Minnesota drivers have to be Hands-Free as of August 2019, so we talked to Minnesota Safety Council’s President, Paul Aasen for answers to common questions and how this law applies when driving farm equipment on public roadways.
What is ‘Hands-Free’?
Effective August 1, 2019, Hands-Free Minnesota asked Minnesota drivers to get the phone out of their hands. This cell phone law’s purpose was to get drivers to put cell phones down and not have it in hand for use- phone calls, texts, navigation. Phones can now only be touched for single-touch activation. Single-touch activation allows drivers a single touch to unlock the phone or activate voice command. Anything beyond a single touch- a word or a phrase- is well past the legislative intent.
Does Hands-Free apply to driving tractors?
Hands-free applies to anyone in agriculture. Driving farm machinery or farm vehicles on public roadways, even when crossing or driving on the shoulder, means the drivers have to follow the hands-free law. Law enforcement watches for bad driving behaviors and then tries to determine if a person is impaired, confused or is distracted with a phone in their hand.
Penalties for a first offense are 50 plus court (close to $200). A second offense will cost you $275 plus court fees (closer to $500).
HANDS-FREE MYTHS AND FACTS FOR DRIVERS UNDER 18
What is the history of this law?
This law has been years in the making. Since the iPhone was introduced in 2007, traffic crash information has shown an uptick in injuries, crashes, and fatalities. As these crashes ramped up, Minnesota implemented a texting ban. This ban allowed voice phone calls, but was difficult to enforce. Following numerous other states, and overall support throughout the state, Minnesota moved to hands-free mode.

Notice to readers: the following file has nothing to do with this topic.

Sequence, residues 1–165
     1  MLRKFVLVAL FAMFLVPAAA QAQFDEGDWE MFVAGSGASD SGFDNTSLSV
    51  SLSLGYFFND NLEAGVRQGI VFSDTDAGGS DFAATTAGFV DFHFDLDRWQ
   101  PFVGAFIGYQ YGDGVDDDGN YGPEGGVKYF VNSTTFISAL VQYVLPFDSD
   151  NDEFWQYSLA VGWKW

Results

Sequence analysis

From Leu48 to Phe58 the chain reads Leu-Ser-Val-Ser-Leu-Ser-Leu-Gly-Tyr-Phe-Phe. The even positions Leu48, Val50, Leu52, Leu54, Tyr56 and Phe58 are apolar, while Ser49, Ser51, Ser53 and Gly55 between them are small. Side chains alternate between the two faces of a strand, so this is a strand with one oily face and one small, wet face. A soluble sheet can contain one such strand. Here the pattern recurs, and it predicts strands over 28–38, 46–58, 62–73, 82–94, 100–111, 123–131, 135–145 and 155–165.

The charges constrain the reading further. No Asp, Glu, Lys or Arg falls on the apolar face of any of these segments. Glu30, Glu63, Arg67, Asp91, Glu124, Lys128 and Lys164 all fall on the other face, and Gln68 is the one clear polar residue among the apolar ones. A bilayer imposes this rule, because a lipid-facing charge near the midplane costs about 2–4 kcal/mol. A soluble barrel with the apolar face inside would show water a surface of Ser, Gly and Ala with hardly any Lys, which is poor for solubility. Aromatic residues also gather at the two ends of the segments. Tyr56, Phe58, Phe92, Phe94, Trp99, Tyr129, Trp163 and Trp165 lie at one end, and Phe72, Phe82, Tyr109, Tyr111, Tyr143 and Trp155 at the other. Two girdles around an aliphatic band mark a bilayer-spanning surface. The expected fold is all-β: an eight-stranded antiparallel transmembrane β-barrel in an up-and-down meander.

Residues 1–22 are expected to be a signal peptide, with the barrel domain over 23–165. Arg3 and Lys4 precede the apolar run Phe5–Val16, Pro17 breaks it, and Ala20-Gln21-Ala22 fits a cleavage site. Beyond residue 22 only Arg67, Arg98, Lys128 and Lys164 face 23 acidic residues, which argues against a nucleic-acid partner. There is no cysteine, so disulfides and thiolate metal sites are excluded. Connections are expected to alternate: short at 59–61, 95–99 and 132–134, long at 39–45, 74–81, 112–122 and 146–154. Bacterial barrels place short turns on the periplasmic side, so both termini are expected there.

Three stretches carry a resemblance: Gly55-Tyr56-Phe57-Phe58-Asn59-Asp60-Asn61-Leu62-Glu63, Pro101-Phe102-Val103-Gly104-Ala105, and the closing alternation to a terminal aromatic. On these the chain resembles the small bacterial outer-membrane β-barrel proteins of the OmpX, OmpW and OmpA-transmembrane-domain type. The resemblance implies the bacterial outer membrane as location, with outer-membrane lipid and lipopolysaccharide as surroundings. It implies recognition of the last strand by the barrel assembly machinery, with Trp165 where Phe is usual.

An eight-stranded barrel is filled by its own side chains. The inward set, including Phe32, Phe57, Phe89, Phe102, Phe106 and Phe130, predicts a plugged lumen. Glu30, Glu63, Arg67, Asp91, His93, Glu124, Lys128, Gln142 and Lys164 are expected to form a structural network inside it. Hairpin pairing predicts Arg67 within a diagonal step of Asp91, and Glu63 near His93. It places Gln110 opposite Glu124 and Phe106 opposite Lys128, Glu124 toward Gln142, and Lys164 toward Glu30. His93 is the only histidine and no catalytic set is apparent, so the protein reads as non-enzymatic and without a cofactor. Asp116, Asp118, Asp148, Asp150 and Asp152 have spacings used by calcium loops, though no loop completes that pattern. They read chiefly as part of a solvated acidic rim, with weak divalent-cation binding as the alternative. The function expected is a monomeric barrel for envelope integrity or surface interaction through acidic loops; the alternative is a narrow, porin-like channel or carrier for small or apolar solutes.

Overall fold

In ¾ of states with hands-free, there is a 15% reduction in fatalities. In Minnesota, this means 50-60 fewer deaths per year.
Do you need help with the Hands-Free transition?
The best thing is make sure you have a setup that works. Connect your phone to your vehicle bluetooth, add a small bluetooth speaker (often ~$20), choose to use one of your earphones, etc. Work on finding that solution that works in your vehicle so you know it works, and you’re comfortable with it.
The Minnesota Safety Council is a 91 year old nonprofit charged by state legislature with preventing unintentional injuries in the workplace, on road and at home. The organization spends their time and energy making sure people are safe wherever they are. Special thanks to Paul Aasen, President of the Minnesota Safety Council, for his insight on Hands-Free Minnesota.